Thus, we analyzed the neonates’ movements recorded with a digital camera synchronized with EMG recordings. The recordings involved either spontaneous leg movements or leg movements elicited by light mechanical stimulation of the plantar surface of the foot or other body parts. Figure 5A shows the estimates of neonate movements in the horizontal and vertical planes along with the concurrently recorded EMG signals. Notice that the strength of EMG and motor unit activity was highly correlated with the speed of foot movements (Fig. 5A and movie S1).

Although several movements were relatively slow (1 to 10 cm/s), some movements reached maximal speeds of up to 400 cm/s (see Fig. 5, A and F, and movie S1). Even considering the low inertia of the neonatal limbs, these movements are very fast. For comparison, kicking by adult taekwondo athletes reaches speeds of 700 to 900 cm/s (22). For all neonates, the synchronization values were significantly higher (up to ~50% times as high) during faster with respect to slower foot movements (P < 0.001; Fig. 4I). These values were significantly higher compared to the adults for both slow and fast neonatal movements (Fig. 4I). It must be noted that the higher values of synchronization in neonates were not due to a difference in discharge rate between contraction speeds. We did not find significant differences in discharge rate during fast and slow movements of the neonates (Fig. 4H). Thus, contrary to previous observations in adults (12), an increase in contraction speed in the neonates was not mediated by an increase in discharge rate, but rather, it was exclusively associated to an increase in motoneuron synchronization.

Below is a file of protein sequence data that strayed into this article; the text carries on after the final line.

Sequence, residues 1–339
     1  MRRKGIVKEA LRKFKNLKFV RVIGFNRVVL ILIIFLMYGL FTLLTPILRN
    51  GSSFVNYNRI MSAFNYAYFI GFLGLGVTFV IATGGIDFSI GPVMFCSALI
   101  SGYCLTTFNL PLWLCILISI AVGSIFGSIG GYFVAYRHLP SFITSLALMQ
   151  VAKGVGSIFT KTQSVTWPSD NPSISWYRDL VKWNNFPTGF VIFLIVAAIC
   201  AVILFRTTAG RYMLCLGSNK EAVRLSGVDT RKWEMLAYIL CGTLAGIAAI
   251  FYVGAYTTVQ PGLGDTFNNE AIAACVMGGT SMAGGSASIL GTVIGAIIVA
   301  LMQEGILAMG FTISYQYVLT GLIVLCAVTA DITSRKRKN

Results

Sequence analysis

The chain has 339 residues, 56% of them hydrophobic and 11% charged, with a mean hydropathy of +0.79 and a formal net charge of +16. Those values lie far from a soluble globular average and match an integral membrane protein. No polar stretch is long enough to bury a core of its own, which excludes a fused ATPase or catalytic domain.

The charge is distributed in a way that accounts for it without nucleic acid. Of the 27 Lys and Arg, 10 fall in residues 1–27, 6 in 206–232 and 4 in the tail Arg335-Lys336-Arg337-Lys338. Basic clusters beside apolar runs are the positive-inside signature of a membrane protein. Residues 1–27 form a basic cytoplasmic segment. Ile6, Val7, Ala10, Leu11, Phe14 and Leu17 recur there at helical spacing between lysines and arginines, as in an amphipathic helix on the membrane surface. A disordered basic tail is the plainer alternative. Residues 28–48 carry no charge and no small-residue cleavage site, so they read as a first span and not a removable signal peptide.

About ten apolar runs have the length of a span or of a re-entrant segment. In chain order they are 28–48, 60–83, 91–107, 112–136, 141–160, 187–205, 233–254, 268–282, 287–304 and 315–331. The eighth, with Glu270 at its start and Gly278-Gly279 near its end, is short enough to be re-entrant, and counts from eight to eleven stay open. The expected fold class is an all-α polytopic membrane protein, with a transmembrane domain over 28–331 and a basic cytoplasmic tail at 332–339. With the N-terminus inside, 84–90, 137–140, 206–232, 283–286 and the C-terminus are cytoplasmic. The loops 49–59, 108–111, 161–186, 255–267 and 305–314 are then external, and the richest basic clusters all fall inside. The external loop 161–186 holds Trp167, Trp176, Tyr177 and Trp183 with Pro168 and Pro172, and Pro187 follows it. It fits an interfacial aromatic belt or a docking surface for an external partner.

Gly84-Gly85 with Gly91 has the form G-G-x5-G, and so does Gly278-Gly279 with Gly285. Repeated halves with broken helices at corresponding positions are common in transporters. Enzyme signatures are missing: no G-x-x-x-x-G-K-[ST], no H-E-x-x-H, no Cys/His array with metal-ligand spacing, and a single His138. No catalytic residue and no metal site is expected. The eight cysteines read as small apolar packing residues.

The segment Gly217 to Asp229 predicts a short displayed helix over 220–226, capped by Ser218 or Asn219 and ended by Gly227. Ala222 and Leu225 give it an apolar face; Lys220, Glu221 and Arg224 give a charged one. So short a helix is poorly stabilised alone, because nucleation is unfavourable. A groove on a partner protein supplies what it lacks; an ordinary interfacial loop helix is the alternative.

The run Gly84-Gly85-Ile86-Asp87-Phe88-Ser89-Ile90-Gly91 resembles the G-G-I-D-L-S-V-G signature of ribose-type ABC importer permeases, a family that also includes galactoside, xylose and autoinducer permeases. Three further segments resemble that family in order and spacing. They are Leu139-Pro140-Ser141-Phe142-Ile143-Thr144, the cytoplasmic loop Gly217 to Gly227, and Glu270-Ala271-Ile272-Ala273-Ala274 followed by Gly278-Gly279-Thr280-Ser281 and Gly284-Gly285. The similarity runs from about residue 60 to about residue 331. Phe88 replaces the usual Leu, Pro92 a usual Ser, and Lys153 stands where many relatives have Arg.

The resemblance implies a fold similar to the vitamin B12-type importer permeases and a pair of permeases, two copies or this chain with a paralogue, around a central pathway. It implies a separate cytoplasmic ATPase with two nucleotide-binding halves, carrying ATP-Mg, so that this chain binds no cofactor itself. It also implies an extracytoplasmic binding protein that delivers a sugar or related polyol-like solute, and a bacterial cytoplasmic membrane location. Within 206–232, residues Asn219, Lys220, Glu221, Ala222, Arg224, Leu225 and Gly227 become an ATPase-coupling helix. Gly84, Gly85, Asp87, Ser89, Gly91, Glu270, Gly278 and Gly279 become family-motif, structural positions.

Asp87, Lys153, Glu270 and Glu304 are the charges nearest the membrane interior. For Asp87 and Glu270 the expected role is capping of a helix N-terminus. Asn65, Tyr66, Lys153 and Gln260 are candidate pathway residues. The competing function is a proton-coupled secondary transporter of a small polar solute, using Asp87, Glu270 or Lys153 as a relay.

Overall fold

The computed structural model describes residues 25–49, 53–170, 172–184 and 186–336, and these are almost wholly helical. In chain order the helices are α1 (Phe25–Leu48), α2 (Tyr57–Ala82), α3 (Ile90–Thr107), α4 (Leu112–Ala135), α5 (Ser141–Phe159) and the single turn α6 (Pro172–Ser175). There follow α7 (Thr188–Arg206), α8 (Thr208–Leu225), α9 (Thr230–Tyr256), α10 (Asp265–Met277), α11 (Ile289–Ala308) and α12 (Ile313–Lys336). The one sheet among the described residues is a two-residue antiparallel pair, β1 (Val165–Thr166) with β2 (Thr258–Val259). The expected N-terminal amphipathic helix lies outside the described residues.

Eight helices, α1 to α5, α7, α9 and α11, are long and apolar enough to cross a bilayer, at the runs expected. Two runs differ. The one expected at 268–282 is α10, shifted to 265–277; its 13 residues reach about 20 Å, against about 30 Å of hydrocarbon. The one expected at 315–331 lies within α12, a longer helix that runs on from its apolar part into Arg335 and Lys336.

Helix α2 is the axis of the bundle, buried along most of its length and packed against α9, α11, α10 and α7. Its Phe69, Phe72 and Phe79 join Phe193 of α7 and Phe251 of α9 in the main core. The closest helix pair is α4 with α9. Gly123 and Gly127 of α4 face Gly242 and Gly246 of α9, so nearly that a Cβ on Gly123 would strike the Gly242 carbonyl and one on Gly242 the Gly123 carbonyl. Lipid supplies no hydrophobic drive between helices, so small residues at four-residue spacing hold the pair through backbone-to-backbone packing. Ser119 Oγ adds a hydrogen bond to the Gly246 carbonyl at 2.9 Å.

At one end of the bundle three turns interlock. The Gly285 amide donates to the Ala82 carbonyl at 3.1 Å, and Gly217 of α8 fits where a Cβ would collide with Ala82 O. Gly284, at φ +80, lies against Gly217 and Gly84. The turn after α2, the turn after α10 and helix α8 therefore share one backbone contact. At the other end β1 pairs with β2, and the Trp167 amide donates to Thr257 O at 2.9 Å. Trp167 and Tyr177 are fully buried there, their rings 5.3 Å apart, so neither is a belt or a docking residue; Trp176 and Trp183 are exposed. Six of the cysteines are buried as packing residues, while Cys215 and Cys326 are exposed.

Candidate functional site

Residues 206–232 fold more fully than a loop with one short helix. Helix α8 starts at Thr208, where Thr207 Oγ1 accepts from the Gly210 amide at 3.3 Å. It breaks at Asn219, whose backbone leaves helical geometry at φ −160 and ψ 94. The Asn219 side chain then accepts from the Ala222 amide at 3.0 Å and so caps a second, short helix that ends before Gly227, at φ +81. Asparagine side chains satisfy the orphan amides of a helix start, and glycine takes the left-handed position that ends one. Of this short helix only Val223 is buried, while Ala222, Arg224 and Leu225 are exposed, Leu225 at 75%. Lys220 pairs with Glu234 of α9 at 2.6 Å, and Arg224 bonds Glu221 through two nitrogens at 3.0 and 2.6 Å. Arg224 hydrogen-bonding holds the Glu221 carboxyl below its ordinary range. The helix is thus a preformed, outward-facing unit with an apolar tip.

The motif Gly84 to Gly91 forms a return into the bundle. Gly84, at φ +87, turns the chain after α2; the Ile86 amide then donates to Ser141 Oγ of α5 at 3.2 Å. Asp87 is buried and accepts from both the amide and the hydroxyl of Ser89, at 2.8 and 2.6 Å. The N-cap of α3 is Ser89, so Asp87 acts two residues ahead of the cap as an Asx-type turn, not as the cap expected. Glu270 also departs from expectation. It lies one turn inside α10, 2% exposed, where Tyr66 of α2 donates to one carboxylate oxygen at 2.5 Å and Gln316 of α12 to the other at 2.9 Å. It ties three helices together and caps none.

We further assessed correlated input to motoneurons in the frequency domain by coherence analysis across the unfiltered motor unit data (spike trains) (17, 23, 24). Significant peaks in the coherence reflect common fluctuations of the motoneuronal discharge timings. We found that all neonates exhibited significant coherent oscillations at low frequencies (<3 Hz; Fig. 4J), which are known to directly translate into muscle force during steady (25) and oscillatory contractions (26), and are in agreement with the time-domain analysis reported above. We did not find any significant coherence, except for one neonate, in the high-frequency band (beta band, 15 to 30 Hz), which is thought to be associated to cortical dynamics (24).